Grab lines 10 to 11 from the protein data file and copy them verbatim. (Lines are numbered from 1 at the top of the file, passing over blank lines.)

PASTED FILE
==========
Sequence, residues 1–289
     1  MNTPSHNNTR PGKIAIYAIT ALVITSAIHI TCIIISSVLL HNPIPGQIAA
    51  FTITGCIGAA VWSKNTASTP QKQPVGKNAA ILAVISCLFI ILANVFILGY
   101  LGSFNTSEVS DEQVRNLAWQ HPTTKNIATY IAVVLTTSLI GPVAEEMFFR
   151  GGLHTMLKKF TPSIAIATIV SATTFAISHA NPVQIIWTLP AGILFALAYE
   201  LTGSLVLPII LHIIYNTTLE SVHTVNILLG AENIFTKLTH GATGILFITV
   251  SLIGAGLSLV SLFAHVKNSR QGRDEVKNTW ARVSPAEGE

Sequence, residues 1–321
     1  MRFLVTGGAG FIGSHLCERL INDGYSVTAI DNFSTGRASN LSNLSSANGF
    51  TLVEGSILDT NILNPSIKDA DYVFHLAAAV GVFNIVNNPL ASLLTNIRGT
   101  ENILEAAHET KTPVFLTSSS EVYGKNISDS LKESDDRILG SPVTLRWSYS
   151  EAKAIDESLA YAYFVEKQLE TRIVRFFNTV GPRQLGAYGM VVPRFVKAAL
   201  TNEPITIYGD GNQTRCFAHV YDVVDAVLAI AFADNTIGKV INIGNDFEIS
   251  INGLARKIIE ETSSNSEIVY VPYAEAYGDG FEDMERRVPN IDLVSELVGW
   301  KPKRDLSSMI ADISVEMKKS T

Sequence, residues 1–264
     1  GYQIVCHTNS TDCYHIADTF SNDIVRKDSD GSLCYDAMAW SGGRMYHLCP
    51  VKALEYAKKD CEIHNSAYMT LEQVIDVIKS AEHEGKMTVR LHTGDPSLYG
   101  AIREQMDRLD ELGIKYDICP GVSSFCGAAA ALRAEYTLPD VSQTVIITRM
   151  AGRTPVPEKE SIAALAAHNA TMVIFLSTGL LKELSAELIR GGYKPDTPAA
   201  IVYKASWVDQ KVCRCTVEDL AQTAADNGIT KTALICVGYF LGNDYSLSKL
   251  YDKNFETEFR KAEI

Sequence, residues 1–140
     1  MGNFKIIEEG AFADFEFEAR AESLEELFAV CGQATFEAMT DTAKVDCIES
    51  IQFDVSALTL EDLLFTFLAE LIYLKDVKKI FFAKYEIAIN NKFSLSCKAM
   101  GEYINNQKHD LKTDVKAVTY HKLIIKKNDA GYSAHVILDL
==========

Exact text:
    51  TLVEGSILDT NILNPSIKDA DYVFHLAAAV GVFNIVNNPL ASLLTNIRGT
   101  ENILEAAHET KTPVFLTSSS EVYGKNISDS LKESDDRILG SPVTLRWSYS